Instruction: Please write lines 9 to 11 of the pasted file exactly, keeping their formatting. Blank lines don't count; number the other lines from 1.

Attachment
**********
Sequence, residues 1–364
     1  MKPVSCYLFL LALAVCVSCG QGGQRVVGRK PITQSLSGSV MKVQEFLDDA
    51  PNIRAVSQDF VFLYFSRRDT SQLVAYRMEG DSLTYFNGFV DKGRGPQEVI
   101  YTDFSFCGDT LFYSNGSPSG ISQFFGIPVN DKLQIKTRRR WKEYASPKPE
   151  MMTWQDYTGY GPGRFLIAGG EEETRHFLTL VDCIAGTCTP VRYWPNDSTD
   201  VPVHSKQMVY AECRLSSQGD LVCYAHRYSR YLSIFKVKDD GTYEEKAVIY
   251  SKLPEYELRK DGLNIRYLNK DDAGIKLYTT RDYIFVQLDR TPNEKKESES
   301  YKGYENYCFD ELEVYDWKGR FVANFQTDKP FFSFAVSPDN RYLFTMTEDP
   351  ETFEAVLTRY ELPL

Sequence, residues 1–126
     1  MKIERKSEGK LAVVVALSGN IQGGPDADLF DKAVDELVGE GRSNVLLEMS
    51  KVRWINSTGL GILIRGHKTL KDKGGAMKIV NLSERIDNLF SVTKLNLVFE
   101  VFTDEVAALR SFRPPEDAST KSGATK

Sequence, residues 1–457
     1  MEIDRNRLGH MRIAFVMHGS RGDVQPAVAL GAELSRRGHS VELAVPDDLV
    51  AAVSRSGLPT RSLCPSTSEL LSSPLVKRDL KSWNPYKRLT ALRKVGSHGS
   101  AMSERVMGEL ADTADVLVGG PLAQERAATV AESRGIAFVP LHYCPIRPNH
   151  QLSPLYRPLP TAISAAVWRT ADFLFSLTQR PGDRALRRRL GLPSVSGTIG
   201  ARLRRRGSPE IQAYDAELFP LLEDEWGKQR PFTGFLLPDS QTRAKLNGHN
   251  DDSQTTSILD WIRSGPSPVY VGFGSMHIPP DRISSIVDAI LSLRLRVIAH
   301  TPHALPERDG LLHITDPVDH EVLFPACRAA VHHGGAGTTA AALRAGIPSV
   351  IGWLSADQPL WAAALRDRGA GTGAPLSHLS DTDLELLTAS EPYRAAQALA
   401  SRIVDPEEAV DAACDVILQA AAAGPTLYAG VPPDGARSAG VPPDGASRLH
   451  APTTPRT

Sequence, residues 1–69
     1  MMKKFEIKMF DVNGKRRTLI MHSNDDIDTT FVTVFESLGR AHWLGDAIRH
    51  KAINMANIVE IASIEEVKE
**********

   351  ETFEAVLTRY ELPL

Sequence, residues 1–126
     1  MKIERKSEGK LAVVVALSGN IQGGPDADLF DKAVDELVGE GRSNVLLEMS